Nature Photographers Online Magazine
Nature Photographers Online Magazine

Camera Equipment Review...


Text Copyright and Photography Copyright Bill Horn
All rights reserved.

As nature photographers, we all share a common desire - spotting interesting subjects in our viewfinders. Natural habitat is shrinking to make way for more homes and shopping centers. Many popular nature photography locales are so crowded with tourist activity, making good images is nearly impossible. One of my favorite ways to beat the crowds is to shoot from my vehicle, along the back roads and lesser-traveled venues. Most parks and wildlife refuges now have an observation drive; a loop or turn-out whereby the public can both view and photograph nature’s beauty without ever leaving their automobile.

For lenses in the 200mm and under range, bracing against the car’s window frame may suffice to eliminate camera shake. Bigger lenses will require more support. I have found the best way to stabilize my F5/600mm rig is by using a specially made car-mount sold by L.L. Rue Enterprises. The GROOFWIN POD (Ground-Roof-Window) is a versatile, yet stable platform for holding a tripod head and camera/body combo. It is made from black anodized aluminum, weighs only 2 5/8 lbs., and is only 11” x 3”, making it small enough to fit in my suitcase when traveling by plane. Supported by three large rubber pads, it can be used in the flat position at ground level, or placed on the vehicle hood, or roof. A threaded knob secures the two sections tightly together whether in the flat position or mounted in the car window.

In the field: How steady is this rig? As previously stated, I often use the GROOFWIN with a 600 F4 and 1.4x set on an Arca-Swiss B1 ball head mounted to the driver’s side window of my Chevrolet Tahoe. Setting up or taking down the unit between locations takes less than two minutes. Make sure the knurled knob, which locks the unit against the door panel, is secure, especially when using long lenses. Using the GROOFWIN to photograph birds from my vehicle enables me to get much closer than by foot. Anyone who has tried to photograph birds knows how tough they can be to approach, but using the GROOFWIN helped me get this image of the Eastern Meadowlark, shown singing away on an old fence post. He allowed me to pull within 20 feet. As he continued to sing, I exposed an entire roll of Provia F.

Birds, and other wildlife, normally reluctant to assimilate to the proclivities of man, have become acclimated to the sight of vehicles, accepting them as a part of their daily lives. From a car, animals can often be approached to within a few yards without getting spooked. The GROOFWIN POD is a winner as far as I am concerned. It has allowed me to get images I could not have made otherwise. Additional information about the GROOFWIN and other photo accessories can be found on the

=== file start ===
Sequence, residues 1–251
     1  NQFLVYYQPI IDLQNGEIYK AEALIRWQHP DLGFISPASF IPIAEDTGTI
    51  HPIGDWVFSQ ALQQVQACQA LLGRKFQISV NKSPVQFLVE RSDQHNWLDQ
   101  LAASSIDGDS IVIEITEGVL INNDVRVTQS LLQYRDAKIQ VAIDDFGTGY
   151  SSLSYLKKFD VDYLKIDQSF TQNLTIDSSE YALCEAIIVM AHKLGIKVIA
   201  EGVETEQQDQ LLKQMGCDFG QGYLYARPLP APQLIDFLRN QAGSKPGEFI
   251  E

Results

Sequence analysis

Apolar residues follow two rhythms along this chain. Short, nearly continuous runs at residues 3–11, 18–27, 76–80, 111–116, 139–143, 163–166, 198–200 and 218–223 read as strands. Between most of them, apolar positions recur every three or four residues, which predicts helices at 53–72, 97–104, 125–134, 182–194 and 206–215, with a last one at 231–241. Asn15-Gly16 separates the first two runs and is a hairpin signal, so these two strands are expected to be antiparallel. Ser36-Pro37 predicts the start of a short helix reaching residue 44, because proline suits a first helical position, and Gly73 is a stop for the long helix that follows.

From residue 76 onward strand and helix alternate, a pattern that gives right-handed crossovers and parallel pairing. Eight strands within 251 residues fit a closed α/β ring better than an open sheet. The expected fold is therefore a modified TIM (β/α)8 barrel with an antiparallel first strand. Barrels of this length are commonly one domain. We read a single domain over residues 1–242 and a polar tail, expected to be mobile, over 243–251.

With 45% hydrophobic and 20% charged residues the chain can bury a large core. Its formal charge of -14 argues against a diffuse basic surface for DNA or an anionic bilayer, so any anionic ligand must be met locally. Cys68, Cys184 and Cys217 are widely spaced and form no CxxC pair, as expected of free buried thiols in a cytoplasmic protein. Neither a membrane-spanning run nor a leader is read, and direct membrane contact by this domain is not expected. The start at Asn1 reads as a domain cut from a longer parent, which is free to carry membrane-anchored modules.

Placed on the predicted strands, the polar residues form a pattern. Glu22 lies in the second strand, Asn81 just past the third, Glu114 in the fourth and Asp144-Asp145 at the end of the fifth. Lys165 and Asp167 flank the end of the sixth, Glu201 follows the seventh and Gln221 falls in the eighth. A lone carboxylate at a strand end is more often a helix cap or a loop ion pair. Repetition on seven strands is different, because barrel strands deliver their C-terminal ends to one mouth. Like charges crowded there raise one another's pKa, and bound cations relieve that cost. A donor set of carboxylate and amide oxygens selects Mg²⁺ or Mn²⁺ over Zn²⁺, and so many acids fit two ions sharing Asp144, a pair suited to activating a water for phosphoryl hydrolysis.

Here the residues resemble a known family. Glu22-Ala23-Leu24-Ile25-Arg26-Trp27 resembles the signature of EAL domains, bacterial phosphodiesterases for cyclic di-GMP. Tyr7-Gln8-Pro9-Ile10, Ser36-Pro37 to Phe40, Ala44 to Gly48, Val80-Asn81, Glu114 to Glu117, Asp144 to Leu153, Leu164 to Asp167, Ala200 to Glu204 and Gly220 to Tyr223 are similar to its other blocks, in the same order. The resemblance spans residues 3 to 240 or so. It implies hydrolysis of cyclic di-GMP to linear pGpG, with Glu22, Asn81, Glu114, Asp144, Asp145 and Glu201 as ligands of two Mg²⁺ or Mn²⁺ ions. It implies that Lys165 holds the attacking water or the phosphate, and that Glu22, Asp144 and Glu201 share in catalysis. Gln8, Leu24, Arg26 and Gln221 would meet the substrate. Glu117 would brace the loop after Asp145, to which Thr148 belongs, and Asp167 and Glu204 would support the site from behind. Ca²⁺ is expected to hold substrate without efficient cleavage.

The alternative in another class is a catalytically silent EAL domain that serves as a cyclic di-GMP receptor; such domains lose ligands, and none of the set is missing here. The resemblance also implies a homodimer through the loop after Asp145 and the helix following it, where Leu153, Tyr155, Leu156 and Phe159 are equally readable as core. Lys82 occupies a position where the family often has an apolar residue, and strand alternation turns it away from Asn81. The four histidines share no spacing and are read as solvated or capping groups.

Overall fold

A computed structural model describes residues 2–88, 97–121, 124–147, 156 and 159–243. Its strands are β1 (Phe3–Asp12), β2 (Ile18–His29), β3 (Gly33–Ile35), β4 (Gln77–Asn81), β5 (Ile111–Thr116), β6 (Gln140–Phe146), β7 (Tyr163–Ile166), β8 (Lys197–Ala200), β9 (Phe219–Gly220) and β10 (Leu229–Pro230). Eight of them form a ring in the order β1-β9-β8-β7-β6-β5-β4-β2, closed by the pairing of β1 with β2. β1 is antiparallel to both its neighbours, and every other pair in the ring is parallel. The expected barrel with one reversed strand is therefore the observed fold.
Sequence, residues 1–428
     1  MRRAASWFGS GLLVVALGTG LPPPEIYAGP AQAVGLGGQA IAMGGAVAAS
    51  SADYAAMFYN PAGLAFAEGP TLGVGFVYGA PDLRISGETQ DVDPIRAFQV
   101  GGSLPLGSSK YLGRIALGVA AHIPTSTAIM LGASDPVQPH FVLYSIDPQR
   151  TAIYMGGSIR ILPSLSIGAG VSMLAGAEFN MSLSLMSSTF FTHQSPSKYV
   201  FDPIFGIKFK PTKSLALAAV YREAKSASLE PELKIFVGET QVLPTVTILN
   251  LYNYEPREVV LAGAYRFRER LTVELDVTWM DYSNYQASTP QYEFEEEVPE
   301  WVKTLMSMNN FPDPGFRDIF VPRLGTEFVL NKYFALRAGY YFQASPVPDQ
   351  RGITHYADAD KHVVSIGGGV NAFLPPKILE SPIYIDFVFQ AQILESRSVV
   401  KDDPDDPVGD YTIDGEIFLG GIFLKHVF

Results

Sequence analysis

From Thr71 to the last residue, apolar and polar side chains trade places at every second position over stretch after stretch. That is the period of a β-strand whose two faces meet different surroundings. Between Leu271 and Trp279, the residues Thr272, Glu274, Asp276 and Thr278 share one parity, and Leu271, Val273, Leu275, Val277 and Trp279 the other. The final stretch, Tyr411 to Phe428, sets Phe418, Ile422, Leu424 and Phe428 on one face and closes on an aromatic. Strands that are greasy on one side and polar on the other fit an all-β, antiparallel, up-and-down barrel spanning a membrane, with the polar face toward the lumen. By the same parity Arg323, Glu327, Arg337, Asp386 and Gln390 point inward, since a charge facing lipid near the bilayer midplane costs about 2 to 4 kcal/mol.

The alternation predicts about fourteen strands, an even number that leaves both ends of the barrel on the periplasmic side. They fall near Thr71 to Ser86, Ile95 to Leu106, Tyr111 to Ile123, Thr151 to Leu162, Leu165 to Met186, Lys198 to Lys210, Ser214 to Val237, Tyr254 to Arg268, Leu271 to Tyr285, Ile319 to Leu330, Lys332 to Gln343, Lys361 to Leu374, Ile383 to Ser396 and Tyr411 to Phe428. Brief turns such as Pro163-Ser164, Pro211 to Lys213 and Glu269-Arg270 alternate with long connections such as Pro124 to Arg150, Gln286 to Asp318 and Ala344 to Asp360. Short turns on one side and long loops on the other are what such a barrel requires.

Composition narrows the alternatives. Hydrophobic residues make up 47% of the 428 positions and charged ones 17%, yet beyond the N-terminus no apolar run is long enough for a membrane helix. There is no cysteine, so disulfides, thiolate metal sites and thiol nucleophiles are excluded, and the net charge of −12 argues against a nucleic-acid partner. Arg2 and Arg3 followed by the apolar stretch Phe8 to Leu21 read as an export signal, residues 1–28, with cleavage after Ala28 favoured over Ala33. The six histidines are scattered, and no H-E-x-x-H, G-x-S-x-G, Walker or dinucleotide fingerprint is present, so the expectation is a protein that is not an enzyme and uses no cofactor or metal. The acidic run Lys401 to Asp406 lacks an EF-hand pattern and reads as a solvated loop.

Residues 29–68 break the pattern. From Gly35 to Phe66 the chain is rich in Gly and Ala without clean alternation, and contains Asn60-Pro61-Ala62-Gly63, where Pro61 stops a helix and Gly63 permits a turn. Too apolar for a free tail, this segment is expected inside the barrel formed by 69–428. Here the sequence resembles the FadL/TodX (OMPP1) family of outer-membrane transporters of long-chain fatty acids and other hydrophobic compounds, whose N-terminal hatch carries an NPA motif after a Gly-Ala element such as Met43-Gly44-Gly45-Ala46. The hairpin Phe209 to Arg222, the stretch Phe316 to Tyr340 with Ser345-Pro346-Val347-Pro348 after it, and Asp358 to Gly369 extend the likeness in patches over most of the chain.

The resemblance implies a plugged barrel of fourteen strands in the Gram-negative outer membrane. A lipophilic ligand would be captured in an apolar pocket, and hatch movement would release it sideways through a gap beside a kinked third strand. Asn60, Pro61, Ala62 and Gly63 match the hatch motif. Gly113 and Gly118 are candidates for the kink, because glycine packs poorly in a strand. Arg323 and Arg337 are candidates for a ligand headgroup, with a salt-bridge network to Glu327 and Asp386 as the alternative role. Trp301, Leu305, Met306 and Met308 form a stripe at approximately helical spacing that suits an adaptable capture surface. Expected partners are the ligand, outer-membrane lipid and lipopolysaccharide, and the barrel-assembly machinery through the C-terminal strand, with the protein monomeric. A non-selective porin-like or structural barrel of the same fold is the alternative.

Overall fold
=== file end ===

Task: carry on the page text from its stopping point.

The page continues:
L.L. Rue website. You’ll find their staff to be amiable and courteous.

When using a window mount, I strongly recommend turning off the car's engine to eliminate vibration. Keep in mind some flexibility is lost when shooting with a window-mounted camera, especially at upward angles. Also, shooting from a motor vehicle presents different criteria compared to taking images by traditional means. NPN offers the following guidelines on photography from a vehicle for safety and preservation of the environment:

  • Turn off engine - Engine vibration often goes unnoticed, but it will show up in your slides.
  • Buddy System - When possible, take along a friend or family member who can drive (and watch for traffic) while you devote full concentration toward making images.
  • Respect the environment - OK, you’ve got that new 4WD SUV that could climb the face of Mount Rushmore. Resist the temptation to leave public or private roads for the sake of a few images. The old adage, “Take only photographs, leave only footprints” applies in this case.
  • Approach slowly - When shooting wildlife subjects, slow down well in advance. Take a few images, work in closer, then take a few more… then move in more until you are as close as possible without jeopardizing the subject or the environment.
  • Don’t harass wildlife - We know you would never dream of doing so, but unintentionally, in the excitement of the shoot, you may find yourself getting too close- passing through the animals comfort zone. How close is this? It varies for each animal and what season it is. Mother’s with young ones will want you to give a wide berth, a male on the prowl may be aggressive if you get too close, or a single grazing animal may not care where your vehicle is. That is why it is important to get to know your subject. You may feel safe inside your vehicle, but it does not mean the animal does not feel threatened. Harassment of wildlife is not only unethical, it is against the law in many states, and especially so if your subject is an endangered or threatened species.
  • Drive carefully - It is easy to get distracted by that 10-point buck grazing just 20 yards off the road. If you decide to take a few images, pull onto the shoulder out of the way of other traffic, stop and turn off the engine. Be sure to turn on your 4-way flashers. Flashers won’t scare off wildlife, but they may save you from getting rear-ended. Also, drive slowly - it's difficult to spot wildlife at 70 mph! Slow down, relax, and remain observant, especially for other traffic.

You will be surprised how much you can see and safely photograph from your vehicle this way!


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